Galen is a young soldier returning from war; Rose is one of twelve princesses condemned to dance each night for the King Under Stone. Together Galen and Rose will search for a way to break the curse that forces the princesses to dance at the midnight balls. All they need is one invisibility cloak, a black wool chain knit with enchanted silver needles, and that most critical ingredient of all—true love—to conquer their foes in the dark halls below. But malevolent forces are working against them above ground as well, and as cruel as the King Under Stone has seemed, his wrath is mere irritation compared to the evil that awaits Galen and Rose in the brighter world above.
Galen is a returning soldier without a true family to come home to. His mother, father, and sister all died during the endless war. He lives with the aunt, uncle and cousin he'd never known, working in the king's garden under his uncle (the head gardener)'s careful, grouchy eye.
Rose is a princess, the oldest of twelve girls (all named after flowers), and destined to rule the kingdom one day. She has sisters, and more sisters, and a few more over there in the corner. Sisters coming out her ears, and no mother to take care of them. That duty has fallen squarely on Rose's shoulders, and is a duty more difficult than anyone knows. Because every third night, when midnight strikes, the princesses must travel down into a land of darkness, and dance until dawn with the shadowy figures of dark princes. It is a curse, one handed down to them by the mother who made a foolish bargain with a man of evil.
Now the curse grows worse, because the princesses were deathly sick and missed a day. Every time they miss a night of dancing, they have to dance more often. Now they dance every night, and their father the king is frantic to find out what is happening to them. If he asks his daughters, all they can speak is gibberish. So he offers his crown and one of his princesses in marriage to any prince who can discover what ails the girls. The only problem? Every prince who tries and fails to learn their secret winds up dead from some accident within a month. Soon all the other kingdoms are mad, and they are on the brink of war once more.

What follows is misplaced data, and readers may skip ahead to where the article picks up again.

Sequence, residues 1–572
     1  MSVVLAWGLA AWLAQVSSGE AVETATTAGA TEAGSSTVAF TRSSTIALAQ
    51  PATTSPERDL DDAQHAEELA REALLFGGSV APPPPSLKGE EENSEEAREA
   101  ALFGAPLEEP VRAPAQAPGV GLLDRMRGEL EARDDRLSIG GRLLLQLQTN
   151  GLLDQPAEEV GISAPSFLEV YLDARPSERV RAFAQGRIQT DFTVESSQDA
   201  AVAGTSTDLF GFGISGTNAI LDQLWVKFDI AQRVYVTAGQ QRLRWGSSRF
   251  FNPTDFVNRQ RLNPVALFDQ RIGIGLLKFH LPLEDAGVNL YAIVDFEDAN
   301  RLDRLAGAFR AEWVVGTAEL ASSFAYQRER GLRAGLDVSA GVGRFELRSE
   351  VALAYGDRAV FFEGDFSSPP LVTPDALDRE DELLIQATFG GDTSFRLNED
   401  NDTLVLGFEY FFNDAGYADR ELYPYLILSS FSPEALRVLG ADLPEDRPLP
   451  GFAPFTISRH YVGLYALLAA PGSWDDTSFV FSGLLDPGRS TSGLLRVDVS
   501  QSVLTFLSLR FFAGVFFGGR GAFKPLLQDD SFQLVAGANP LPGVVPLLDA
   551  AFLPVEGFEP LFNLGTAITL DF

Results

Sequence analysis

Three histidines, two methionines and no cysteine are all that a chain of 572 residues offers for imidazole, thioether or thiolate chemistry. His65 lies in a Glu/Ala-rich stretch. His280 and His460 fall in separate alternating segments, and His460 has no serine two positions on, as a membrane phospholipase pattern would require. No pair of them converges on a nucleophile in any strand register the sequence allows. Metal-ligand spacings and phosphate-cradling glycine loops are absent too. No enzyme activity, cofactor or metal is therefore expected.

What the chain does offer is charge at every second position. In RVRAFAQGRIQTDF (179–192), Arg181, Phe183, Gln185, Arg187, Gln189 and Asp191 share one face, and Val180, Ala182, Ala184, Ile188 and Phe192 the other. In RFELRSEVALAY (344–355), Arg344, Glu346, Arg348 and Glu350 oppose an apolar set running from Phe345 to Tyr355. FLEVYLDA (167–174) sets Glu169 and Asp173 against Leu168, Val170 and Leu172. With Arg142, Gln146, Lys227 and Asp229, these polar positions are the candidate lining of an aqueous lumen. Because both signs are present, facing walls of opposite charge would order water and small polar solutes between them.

But Galen, the clever soldier turned gardener, is smarter than he looks, and driven by something the princes never had: the unspoken love for a certain eldest princess. He is worried by how tired she looks, and wants nothing more than to bring her peace.
So, this is a retelling of the famous Twelve Dancing Princesses, which I obviously knew going into it. Fairy tale retellings are one of my favorite genres, and I just read Jessica Day George's Dragon series, so I had extremely high hopes going into the book. And it did not disappoint.
The characters weren't caricatures, but they weren't so finely developed it distracted from the story. Rose wasn't the only princess to get at turn in the spotlight, and each of the sisters had their own distinct personality. From Lily, Rose's right hand sister, to Hyacinth the devout, to Poppy the tomboy, and Pansy the darling youngest, each girl had a unique view of the curse that troubled them, and each dealt with the pressure in different ways (which was sometimes quite amusing). Galen's uncle was - argh, I have to either give a big plot summary, or a short (but rather big) spoiler to talk about the people on Galen's side of the book. Well, let's just say that the rarely seen weren't just given a stick-on that read "bland." Even the women who helped Galen find his aunt and uncle's house were unique.
Read it? Yes. Stay up till dawn with it? Um, *sheepish grin* I just reread it last week, for maybe the fourth time. And I still stayed up to finish it.
10/14 note: This is actually the first book in a trilogy, and I just wanted to stick on here that the other books are really good too.